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A simple english explanation, minus the math, stats & code
Deep learning has created a perfect dichotomy.
On the one hand, we have data science practitioners raving about it, and every one and their colleague jumping in to learn and make a career out of this supposedly game-changing technology in analytics.
And then there is everyone else wondering what the buzz is all about. With a multitude of analytics technologies projected as the panacea to business’ problems, one wonders what this additional ‘cool thing’ is all about.
For people on the business side of things, there are no easy avenues to get a simple and intuitive understanding. A Google search gets one entangled in the deep layers of neural networks, or gets them bowled over by the math symbols. Online courses on the subject haunt one with a bevy of stats terms.
One eventually gives in and ends up taking all of the hype at face value. Here’s an attempt to demystify and democratize the understanding of deep learning (DL), in simple english and in under 5 minutes. I promise not to show you the cliched pictures of human brains, or a spider web of networks 🙂
So, just what is Deep learning?
Let’s start with the basic premise of machine learning (ML). The attempt is to teach machines on how to get to a desired outcome, when presented with some input. Say, when shown the past 6 month’s stock prices, predict tomorrow’s value. Or, when presented with a face, identify the person.
The machine learns how to do things like this, obviating the need for laborious instructions every time.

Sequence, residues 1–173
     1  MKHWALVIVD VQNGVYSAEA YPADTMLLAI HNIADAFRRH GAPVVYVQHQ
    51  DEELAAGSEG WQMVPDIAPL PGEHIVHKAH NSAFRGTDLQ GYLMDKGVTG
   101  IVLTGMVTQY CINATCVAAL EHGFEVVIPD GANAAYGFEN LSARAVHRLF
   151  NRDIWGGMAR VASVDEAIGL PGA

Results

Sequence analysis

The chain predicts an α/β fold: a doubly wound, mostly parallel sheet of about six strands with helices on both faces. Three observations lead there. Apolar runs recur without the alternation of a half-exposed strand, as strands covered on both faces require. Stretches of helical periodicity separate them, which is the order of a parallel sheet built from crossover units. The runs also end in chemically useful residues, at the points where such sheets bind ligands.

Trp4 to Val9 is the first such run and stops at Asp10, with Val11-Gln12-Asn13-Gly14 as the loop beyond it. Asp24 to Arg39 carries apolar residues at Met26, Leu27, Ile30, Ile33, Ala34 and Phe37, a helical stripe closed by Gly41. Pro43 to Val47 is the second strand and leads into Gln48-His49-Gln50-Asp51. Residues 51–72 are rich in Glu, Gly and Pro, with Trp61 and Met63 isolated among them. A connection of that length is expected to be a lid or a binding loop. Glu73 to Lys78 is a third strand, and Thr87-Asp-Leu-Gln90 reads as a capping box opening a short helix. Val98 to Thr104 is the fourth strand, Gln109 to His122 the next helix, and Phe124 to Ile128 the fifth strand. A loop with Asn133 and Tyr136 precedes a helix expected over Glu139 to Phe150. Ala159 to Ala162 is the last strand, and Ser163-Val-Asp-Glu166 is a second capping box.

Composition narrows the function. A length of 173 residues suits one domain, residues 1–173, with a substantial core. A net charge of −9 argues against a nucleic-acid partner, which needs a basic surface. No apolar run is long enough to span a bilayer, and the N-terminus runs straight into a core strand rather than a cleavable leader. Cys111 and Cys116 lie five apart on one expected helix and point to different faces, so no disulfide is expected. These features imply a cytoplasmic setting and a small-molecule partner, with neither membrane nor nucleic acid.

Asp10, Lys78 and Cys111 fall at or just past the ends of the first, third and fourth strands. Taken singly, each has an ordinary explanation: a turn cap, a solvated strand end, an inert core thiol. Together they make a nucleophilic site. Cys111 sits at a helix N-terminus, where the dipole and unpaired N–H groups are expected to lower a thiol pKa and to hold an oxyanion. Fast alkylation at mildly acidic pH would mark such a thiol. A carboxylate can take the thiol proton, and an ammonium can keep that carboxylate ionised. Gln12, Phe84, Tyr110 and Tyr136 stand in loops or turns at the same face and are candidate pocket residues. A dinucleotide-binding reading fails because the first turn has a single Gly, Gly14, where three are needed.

Deep learning is just a disciple (or, discipline) of machine learning, but with a higher IQ. It does the same thing as above, but in a much smarter way.
And, how is it different from machine learning?
Let me explain this by using a simple example of face detection.
Traditional face recognition using machine learning involves first manually identifying noticeable features on a human face (such as eyes, eyebrows, chin). Then, a machine is trained to associate every known face with these specific features. Now show a new face, and the machine extracts these preset features and does a comparison to get the best match. This works moderately.
Pic: Machine learning is fun.. by Adam Geitgey
Now, how does deep learning solve the same problem? The process is nearly the same, but remember this student is smarter. So, instead of spoon-feeding standard facial features, you let the model creatively figure out what to notice. It may decide that the most striking feature in human faces is the curvature on the left cheek, or how flat a forehead is. Or, perhaps something even subtler.
Facial features identified by some of the interim layers of DeepFace DL architecture
It silently figures out this connection between the input (face) and output (name), when shown tons of such pairs. Then, when presented with a new face, voila it gets it right magically. Compared to earlier recognition techniques, DL hits the ball way out of the park, in both accuracy and speed.
But, why do they always show pictures of the human brain?